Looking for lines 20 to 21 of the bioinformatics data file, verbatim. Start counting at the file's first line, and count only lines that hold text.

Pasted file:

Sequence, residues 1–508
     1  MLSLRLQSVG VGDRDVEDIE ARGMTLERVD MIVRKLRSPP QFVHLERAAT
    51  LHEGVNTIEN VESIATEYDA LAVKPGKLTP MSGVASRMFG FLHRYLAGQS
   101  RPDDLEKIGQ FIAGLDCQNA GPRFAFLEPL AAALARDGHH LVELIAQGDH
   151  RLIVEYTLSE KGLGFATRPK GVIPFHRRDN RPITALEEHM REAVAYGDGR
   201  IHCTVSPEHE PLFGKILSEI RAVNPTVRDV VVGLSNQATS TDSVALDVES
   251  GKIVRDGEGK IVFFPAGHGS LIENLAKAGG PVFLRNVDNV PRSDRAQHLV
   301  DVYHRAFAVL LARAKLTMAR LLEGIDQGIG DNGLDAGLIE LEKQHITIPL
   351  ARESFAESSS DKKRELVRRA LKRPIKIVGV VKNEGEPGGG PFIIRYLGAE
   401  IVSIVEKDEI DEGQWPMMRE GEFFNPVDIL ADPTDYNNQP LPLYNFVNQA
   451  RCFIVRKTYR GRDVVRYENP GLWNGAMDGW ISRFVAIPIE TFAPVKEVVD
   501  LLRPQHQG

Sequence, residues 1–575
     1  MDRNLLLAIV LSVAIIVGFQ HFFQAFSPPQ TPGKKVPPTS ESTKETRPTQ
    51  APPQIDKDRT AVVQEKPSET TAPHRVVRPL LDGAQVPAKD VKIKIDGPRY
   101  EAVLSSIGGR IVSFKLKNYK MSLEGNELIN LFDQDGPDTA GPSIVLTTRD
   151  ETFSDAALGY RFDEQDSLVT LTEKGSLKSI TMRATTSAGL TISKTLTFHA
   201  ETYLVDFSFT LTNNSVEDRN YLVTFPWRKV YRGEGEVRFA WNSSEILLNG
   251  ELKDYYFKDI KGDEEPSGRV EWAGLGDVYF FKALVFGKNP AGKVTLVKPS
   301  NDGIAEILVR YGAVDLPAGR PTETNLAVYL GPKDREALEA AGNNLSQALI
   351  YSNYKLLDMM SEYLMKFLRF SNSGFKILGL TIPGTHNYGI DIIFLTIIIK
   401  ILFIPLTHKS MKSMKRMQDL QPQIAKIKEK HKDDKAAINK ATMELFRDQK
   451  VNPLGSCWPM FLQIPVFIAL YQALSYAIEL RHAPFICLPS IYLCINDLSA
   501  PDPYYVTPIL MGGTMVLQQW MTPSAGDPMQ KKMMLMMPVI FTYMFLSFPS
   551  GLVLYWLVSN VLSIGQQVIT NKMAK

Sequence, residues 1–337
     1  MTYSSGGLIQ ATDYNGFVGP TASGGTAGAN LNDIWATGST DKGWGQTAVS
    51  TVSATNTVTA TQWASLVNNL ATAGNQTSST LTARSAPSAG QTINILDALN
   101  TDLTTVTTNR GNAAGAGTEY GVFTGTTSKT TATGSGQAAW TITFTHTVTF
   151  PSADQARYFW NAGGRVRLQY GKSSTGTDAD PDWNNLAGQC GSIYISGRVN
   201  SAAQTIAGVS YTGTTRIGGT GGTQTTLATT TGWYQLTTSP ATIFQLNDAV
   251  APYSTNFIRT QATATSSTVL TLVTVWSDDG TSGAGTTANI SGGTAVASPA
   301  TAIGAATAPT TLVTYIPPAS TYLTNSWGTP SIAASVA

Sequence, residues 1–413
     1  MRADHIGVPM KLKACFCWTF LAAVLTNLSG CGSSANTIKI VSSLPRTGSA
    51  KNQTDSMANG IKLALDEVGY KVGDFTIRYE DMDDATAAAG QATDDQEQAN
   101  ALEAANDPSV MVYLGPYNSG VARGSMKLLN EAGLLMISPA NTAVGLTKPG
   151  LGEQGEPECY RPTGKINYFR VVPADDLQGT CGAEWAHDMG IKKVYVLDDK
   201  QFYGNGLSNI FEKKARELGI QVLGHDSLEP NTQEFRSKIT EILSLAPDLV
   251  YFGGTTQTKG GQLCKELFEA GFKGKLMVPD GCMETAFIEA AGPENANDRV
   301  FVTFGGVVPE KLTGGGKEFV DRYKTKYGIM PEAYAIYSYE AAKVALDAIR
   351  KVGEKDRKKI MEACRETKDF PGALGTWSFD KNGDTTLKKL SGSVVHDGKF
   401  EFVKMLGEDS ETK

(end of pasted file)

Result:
   301  NDGIAEILVR YGAVDLPAGR PTETNLAVYL GPKDREALEA AGNNLSQALI
   351  YSNYKLLDMM SEYLMKFLRF SNSGFKILGL TIPGTHNYGI DIIFLTIIIK